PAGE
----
Wednesday, August 20, 2014

Storytelling Roots

Have you ever read a book expecting tension and mystery (and maybe a touch of romance) but been hooked by the historical background of the setting? I just finished a novel that fascinated me with details of the development of New York City’s Central Park in 1857. This rich background enhanced the contemporary plight of the homeless and the elderly while the plot spun around a murder investigated by a lawyer and her romantic interest, a sexy detective. My attention was riveted by the many subplots, and I lost sleep turning pages. Exactly what a writer wants to accomplish.

I have to confess that I am attracted to historical tales but I wasn’t expecting one here. In the current  zeal to categorize, this novel might be described as a hybrid genre or genetically modified storytelling, but I would call it a contemporary story with roots in the past. An old standard doesn’t need a fancy name.

The western North Carolina county where I live is poor by today’s standards, but rich in family legends. One neighbor owns a home continuously occupied since 1763. I am intrigued by the settlers who put down roots in this area and stayed to raise children and grandchildren’s children. Seemingly embedded in their DNA is respectful recognition of past communities. An archaeological dig identifying the oldest fort in the country is forty miles north of us. The Cherokees’ reservation is sixty miles to our west. And we live on top of the first gold rush site in America. Folks still travel here from all over to try their luck mining the creeks along Vein Mountain Road carved out of the wilderness in the early 1800’s.

I started blogging about my neighbors because I like to reach backward and see the beginning of stories that are lived today. ( My locale is not unique. All over this country there are stories to tell. Buddhapuss Ink’s own Tracy Lawson (debut novel Counteract out this month) wrote a nonfiction book based on her great-great-great grandfather’s journal detailing his travel in a horse-drawn wagon from southwest Ohio to New York City.

I recently wrote a short story about the flood of 1916 in my area. I was able to find eye witness accounts gathered and recorded by a wise journalist years ago. Those reports made a credible backdrop for a fictional murder mystery with characters inspired by period photographs. When I learned through research that one of two survivors of the Little Big Horn lived in this county during the flood. My imagination took off.

An adjacent county was the setting of Frankie Silver’s trial. The 1823 legend is still alive because a New York emigrant wrote down her neighbors’ stories when she moved to the Toe River Valley in 1928. These interviews combined with newspaper articles preserved a tale that later appealed to 1990’s readers when there was a renewed emphasis on women’s rights. Frankie may have been a victim herself, but she was hung for her husband’s murder and dismemberment. Judging by the frequent plays and stories still written about her, she might garner more sympathy today.

I am a member of the local historical society and have associations with many who are interested in the lives of our forefathers. Actually, I’ll use anyone’s ancestors to write a story. The background has to be accurate, so attention to detail is imperative. When I write that a horse and buggy was parked on Main Street next to a Model T, I better be certain that it was within the realm of possibility.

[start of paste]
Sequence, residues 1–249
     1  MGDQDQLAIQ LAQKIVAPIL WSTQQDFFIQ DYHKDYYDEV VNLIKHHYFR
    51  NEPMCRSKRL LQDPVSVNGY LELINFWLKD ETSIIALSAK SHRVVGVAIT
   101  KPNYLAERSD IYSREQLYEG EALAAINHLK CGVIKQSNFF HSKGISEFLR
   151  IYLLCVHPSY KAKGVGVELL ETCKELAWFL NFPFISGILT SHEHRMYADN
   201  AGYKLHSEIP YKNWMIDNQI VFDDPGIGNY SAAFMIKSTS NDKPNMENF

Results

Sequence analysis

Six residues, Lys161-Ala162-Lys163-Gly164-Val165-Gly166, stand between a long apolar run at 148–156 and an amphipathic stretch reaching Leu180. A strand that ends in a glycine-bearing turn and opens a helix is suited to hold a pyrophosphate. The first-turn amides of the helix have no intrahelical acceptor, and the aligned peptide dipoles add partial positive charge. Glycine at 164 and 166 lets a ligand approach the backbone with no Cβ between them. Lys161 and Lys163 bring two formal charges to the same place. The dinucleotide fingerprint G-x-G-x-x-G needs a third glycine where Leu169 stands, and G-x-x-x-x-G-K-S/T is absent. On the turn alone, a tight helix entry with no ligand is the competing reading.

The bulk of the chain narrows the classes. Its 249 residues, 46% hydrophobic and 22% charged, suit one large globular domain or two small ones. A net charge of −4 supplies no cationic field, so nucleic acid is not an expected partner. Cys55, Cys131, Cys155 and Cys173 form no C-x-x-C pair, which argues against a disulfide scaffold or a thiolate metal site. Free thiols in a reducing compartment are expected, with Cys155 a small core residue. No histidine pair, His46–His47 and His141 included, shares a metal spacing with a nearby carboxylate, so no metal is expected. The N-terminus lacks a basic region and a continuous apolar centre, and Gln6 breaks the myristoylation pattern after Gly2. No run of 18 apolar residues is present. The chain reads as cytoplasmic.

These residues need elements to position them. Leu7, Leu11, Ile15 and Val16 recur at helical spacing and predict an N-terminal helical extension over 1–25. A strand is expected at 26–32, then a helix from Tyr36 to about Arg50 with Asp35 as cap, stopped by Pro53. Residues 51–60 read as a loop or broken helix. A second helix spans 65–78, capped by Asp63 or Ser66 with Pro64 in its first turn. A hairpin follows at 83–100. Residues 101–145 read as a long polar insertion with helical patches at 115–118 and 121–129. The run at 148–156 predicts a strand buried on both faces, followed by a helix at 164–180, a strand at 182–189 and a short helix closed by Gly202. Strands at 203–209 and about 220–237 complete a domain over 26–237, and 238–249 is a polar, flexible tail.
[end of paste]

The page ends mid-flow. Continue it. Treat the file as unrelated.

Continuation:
Historical fiction does not have to be centered on an event, but detailed description adds credibility. Ken Follett comes to mind with his account of the lawless days of twelfth-century England when bishops controlled the villages where great cathedrals were built. Follett sifted through history to enrich his tale but recounting facts does not provide enough tension to hold a reader's interest. They are hooked by character and plot, so a mystery needs a protagonist with a conflict and challenges. And maybe a dead body or two. 

This is a great age to be a writer. Margaret Mitchell had to carefully piece together Civil War background with news articles and interviews. We have the Internet where bountiful information has been recorded, analyzed and stored. Saturated investigation is possible, but having time for it, well, that's another story. 

Today's issue of our #WW Writer Wednesday was written by our own Georgia Ruth. We hope you enjoyed it, and we encourage you to check out her links, and leave comments for her.
We'd love to hear your thoughts on the Writer Wednesday series now that it's almost 6 months old. What have you enjoyed? What type of articles would you like to see in the future? Leave a comment, drop us a line, send a smoke signal…we're all ears.  ~The Black Cat

Georgia Ruth lives in the foothills of North Carolina. Now retired, she managed a family restaurant for ten years and worked in sales for fifteen years. Both experiences produced rich soil for her fertile imagination. Georgia is a member of Sisters in Crime and Short Mystery Fiction Society. She has stories published online for Stupefying Stories and Bethlehem Writers Roundtable, and in print, Mystery Times Ten 2013 by Buddhapuss Ink. Her story “The Mountain Top” will be published in a Sisters in Crime anthology in 2014. Her website is

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